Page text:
For the 50+ Traveler

Drunken shrimp, puffin hearts, and fried brains -- do you know what they have in common? They're all considered a delicacy somewhere. Learn about some of the most interesting (and strangest) things eaten around the world.

Fugu sashimi.

1. Fugu

When eating, most people don't wonder if the next bite is going to kill them. However, for those sampling Fugu, it is a posibility that has to be considered.

Fugu is a unique Japanese pufferfish. It contains enough poison to kill up to 30 people - all in one fish.

The chefs responsible for preparing this extremely expensive Japanese delicacy have to undergo years of training to do so safely. It can be gripped, stewed or served as paper-thin sashimi.

Even the smallest mistake in the preparation process could mean the untimely end of the person eating it. If you want to try fugu at least once in your life, then you should visit Japan between the months of October and March when it is in season.

Fried spiders.

2. Fried Spider

This dish is available in Cambodia, but especially in Skuon. These eight-legged, creepy treats are deep fried in oil until they become crunchy on the outside and gooey on the inside; the type of tarantula you sink your teeth into will vary.

The eating of spiders is believed to have started during the disastrous reign of Khmer Rouge in the 1970s. During this period, villages had to find alternative food sources. In many cases today, the spiders are sold to travelers who are passing through town and searching for a fast snack. In addition to being full of protein, there is a rumor that eating them will increase the beauty of the eater.

While this may seem weird, it's worth a try, right?

Prairie oysters.

3. Prairie Oysters

Don't let the name deceive you, this isn't a tasty treat of the sea. In fact, these aren't oysters at all. This dish is made from bull testicles and is often referred to as Rocky Mountain Oysters. You can find these surprisingly delicious morsels throughout cattle ranching country.

Anyone wanting to try out the Canadian version should visit Alberta. One restaurant to try out if you want a great Prairie Oyster experience is Buzzards, which is located in Calgary. You can find this dish listed on the menu during the summer months.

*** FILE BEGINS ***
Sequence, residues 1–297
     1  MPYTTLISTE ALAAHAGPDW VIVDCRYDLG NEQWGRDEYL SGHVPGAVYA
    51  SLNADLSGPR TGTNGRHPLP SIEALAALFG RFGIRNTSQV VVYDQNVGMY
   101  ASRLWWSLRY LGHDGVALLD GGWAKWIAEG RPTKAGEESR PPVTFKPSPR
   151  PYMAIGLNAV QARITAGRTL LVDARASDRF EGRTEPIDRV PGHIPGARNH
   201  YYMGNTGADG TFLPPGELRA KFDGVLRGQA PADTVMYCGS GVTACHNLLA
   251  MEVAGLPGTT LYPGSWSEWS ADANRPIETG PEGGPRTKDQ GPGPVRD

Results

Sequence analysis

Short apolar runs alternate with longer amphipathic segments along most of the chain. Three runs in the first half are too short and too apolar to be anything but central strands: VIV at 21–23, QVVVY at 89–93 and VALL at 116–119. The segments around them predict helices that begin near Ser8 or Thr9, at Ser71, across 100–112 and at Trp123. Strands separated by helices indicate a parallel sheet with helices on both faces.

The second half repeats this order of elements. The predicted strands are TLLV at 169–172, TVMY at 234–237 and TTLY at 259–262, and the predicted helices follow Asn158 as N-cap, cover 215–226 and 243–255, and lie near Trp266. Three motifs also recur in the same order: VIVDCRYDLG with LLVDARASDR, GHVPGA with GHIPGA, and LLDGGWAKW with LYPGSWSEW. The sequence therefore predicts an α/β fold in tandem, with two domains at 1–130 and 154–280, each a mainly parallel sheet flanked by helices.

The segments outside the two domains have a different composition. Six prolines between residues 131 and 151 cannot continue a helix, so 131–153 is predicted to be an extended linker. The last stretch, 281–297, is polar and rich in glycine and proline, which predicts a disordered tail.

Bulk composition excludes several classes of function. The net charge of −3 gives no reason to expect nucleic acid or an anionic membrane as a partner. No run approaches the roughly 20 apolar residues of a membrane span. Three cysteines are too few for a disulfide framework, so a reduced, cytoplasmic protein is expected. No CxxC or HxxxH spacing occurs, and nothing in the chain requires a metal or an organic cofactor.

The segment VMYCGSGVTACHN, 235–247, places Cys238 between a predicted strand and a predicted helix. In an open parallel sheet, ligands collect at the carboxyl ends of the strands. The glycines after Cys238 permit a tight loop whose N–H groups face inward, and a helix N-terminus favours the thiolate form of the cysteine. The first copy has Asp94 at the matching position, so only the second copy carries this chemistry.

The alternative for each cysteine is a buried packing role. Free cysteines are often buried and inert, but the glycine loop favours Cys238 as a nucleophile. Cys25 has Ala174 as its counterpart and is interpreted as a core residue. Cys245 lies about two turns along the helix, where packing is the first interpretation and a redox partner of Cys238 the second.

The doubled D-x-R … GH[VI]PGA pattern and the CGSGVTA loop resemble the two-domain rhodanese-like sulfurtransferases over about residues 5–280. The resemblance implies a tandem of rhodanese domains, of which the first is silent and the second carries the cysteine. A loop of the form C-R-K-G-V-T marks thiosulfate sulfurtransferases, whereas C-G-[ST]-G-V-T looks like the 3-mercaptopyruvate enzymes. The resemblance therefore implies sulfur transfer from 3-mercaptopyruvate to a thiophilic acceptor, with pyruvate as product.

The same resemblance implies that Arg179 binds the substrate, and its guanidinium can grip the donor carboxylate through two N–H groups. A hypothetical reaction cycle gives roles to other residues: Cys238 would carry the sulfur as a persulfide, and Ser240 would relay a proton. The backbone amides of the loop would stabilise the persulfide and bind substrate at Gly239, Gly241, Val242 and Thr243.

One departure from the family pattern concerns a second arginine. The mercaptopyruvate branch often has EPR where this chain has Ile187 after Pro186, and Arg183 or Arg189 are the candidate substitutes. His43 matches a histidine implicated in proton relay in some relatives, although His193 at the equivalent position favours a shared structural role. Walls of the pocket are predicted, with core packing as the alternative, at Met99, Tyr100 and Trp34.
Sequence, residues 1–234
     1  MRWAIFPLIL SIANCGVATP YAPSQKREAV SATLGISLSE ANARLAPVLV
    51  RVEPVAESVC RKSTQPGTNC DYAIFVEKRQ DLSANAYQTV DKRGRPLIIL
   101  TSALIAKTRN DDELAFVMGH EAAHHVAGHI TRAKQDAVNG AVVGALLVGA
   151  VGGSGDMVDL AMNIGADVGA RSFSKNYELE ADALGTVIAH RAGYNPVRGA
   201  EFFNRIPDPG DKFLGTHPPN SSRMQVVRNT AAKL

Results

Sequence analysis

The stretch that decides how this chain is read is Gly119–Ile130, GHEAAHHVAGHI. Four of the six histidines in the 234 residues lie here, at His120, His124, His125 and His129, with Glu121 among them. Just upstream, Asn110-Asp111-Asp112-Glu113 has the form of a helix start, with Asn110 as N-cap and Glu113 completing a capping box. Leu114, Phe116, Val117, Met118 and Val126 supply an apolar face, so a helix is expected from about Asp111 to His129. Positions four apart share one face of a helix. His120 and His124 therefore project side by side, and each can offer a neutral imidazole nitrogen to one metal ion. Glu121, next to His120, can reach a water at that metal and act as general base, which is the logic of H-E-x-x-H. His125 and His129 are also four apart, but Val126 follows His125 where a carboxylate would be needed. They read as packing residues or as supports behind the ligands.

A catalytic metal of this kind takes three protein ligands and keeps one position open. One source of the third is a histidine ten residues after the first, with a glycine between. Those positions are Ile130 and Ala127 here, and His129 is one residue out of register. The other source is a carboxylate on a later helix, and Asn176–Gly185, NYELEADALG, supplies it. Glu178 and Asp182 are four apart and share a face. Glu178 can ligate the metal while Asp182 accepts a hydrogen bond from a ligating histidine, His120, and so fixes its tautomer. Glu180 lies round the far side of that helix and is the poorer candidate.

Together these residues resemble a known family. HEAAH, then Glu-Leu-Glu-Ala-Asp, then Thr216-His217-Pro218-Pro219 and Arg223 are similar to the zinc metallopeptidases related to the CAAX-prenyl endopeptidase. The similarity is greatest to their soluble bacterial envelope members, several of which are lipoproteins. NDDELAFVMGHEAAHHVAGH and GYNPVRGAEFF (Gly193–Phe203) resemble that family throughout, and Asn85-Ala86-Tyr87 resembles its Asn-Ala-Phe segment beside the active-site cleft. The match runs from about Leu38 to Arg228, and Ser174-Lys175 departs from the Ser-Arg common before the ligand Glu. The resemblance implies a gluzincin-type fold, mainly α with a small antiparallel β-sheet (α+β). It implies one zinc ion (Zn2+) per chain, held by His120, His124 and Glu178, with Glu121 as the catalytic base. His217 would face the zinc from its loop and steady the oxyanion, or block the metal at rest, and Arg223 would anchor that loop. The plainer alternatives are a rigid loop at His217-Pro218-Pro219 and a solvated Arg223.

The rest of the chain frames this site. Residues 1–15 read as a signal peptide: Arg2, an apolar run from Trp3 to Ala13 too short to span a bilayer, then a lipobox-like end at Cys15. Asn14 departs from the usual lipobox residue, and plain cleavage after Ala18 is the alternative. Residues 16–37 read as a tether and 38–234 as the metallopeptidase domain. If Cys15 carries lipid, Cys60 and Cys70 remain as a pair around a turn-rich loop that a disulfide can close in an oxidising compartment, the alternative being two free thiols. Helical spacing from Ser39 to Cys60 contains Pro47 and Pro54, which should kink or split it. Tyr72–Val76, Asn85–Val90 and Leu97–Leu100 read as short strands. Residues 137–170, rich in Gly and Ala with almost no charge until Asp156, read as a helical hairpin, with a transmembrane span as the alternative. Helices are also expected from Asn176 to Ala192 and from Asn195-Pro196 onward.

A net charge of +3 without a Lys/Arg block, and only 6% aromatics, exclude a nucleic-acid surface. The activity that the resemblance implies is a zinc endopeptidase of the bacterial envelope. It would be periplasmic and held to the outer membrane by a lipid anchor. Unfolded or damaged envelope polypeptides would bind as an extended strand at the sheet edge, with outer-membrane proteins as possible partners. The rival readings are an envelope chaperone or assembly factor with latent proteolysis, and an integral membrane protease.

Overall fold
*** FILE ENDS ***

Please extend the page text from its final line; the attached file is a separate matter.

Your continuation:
In most cases, Prairie Oysters are prepared by stuffing, frying or sautéing. The testicles are usually accompanied by spices, dips, sauces, and herbs, providing a real taste of authentic cowboy cuisine.


4. Balut

Eggs are an extremely common staple throughout the world. But in the Philippines, the locals take it a step further than anywhere else by taking a developing duck embryo and boiling it alive while still in the shell.

These are usually eaten with a seasoning of vinegar, garlic, and chili. All of the egg's contents are consumed, including the visible beak and wings. This is a common street food and is often chased down with a cold beer -- just crack and eat.

Snake wine.

5. Snake Wine

A common drink in Vietnam and China, snake wine is considered a real "treat" by those in the region. If you have ever complained about a tepid chardonnay, just be grateful a glass of snake wine hasn't been set down in front of you.

This extremely popular beverage is believed to have countless restorative properties. It can be made by steeping a snake in rice wine or by mixing the bodily fluids from the snake, such as the blood, with some type of alcohol.


6. Sannakji

This is a delicacy in South Korea made up of live octopus. Those eating this dish can either do so in pieces or whole; the choice is usually based on the size of the specimen. Sannakji is served raw and usually just with a splash of sesame oil. It's normally served so fresh that the tentacles are still squirming.

There is a danger to consuming live octopus; the suckers may become stuck in the eater's throat, causing choking and even death. That makes eating this mollusk quite the scary proposition. While the octopus is flavored mildly, if the animal tries to wrap itself around your face, it may be an experience you could do without!


7. Escamoles

While this may appear to be a simple grain salad on first glance, it's actually made from ant larvae. This is often referred to as "insect caviar" and considered to be a rare treat in Mexico. The consumption of this dish dates all the way back to the time of the Aztecs.

The ants are harvested from the root systems of the agave and maguey plants, and the tiny larvae are often put in omelets and tacos. They can also be eaten on their own.

These are just a few of the weird, strange and unusual foods on offer in different parts of the world. If you are feeling adventurous, make sure to add some of these to your bucket list. Or, rather, your bucket menu.